Fandom: X-Men (movie)
Rating: PG-13 sheerly because I say so.
Summary: Rogue has too many people in her head.
Disclaimer: Characters portrayed within do not belong to me.
Archive: List archives and those with previous permission; others please ask.
Notes: This is right around the end of the move, and is the result of my thinking too much about how Rogue might have dealt. Contains references and innuendos to m/m and f/f, in odd ways.
It was almost a blessing that she refused to leave the medlab.
Rogue alternated and roamed; she couldn't seem to stay still, or to want to. As soon as Jean finished stabilizing Logan she was there, staring down at him, a haunting look of recognition etched into her wide eyes, her trembling lips, and she almost reached out to skim a palm across his (her) face before faint traces of herself rose back to the front and she remembered.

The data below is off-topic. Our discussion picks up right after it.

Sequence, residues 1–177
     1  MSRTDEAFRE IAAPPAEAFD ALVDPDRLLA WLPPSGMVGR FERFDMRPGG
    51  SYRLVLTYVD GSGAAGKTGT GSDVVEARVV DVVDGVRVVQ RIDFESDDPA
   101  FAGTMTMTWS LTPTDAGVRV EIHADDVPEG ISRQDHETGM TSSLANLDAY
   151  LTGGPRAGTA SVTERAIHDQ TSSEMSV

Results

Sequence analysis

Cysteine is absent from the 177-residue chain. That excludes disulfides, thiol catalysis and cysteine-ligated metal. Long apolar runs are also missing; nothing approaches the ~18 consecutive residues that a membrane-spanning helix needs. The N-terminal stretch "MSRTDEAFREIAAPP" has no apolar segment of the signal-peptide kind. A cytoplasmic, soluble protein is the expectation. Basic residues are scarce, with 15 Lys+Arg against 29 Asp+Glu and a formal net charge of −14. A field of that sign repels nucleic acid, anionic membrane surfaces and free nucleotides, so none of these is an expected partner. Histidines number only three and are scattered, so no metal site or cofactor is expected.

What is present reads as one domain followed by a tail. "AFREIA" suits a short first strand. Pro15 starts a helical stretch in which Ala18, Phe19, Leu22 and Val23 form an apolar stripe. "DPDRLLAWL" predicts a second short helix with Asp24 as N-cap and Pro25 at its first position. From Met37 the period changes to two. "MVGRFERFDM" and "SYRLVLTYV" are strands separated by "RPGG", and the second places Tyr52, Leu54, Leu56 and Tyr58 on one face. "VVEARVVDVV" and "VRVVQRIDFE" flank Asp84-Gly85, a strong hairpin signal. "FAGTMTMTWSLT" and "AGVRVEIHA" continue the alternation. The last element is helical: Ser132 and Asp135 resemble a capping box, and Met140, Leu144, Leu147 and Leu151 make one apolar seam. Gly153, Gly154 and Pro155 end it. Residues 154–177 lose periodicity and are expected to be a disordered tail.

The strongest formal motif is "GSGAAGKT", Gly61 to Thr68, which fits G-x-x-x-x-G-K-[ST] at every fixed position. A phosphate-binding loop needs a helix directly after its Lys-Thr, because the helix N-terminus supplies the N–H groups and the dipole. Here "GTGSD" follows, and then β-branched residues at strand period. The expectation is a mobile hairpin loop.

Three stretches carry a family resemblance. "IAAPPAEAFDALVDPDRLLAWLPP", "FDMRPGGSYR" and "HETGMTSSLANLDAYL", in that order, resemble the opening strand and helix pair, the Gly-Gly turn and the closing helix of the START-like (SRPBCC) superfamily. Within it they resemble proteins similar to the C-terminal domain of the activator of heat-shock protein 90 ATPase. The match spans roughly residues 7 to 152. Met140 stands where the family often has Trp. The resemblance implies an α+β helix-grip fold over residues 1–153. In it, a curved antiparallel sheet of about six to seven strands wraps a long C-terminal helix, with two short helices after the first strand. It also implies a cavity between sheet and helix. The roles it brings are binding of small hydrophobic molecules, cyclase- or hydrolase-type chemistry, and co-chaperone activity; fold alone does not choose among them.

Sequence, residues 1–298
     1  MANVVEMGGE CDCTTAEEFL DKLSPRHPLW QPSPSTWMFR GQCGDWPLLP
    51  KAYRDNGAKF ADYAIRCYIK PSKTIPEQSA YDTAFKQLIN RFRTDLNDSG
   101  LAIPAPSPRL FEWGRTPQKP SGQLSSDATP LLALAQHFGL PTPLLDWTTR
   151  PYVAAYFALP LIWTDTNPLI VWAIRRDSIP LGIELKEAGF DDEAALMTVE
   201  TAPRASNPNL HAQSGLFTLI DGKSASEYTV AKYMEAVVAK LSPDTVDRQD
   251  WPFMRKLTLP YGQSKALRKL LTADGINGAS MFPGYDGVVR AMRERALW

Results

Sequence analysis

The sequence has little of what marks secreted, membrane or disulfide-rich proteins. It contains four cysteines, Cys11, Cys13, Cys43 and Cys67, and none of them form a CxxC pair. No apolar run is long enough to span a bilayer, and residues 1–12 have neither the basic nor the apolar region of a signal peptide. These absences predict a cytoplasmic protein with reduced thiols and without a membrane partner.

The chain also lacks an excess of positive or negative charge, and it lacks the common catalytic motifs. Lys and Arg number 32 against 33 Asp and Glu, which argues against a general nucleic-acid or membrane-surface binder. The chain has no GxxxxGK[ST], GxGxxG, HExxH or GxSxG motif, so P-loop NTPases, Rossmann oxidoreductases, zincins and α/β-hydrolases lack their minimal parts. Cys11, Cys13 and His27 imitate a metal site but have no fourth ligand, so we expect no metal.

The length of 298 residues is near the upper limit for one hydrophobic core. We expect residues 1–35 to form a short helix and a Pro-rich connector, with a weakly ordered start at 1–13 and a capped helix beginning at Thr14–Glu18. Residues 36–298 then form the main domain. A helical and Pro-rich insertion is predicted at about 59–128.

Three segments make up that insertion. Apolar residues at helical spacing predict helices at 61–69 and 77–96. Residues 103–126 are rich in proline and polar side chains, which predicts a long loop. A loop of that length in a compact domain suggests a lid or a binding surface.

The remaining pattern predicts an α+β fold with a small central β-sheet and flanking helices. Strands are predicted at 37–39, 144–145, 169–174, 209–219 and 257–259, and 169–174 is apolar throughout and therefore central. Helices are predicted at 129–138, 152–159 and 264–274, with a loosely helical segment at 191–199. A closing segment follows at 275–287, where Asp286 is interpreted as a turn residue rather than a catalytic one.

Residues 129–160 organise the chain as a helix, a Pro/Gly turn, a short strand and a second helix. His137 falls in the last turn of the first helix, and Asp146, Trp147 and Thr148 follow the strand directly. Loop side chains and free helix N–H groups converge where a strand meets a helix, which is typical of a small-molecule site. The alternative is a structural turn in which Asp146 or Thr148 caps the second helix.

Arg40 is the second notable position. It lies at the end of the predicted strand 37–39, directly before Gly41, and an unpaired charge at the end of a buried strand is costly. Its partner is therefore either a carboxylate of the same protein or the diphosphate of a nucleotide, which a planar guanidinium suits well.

She wore no gloves here.
They couldn't let her go, anyway, not right away, not in her state. In the jet she had sat, stony cold and deathly still, and she watched Logan bleed. She could smell it; she could smell blood like she could never remember smelling before.
And then she started to scream, because he (she) was dying. She wept, and nobody lent her their shoulder to cry on.
Venom. She felt like a snake, coiled and ready to spring. Logan, in her head, being her, filling her; so much rage and confusion and during the flickers in which she came back to herself, understood herself, she would flinch under the weight of knowing he would never leave. She'd taken too much.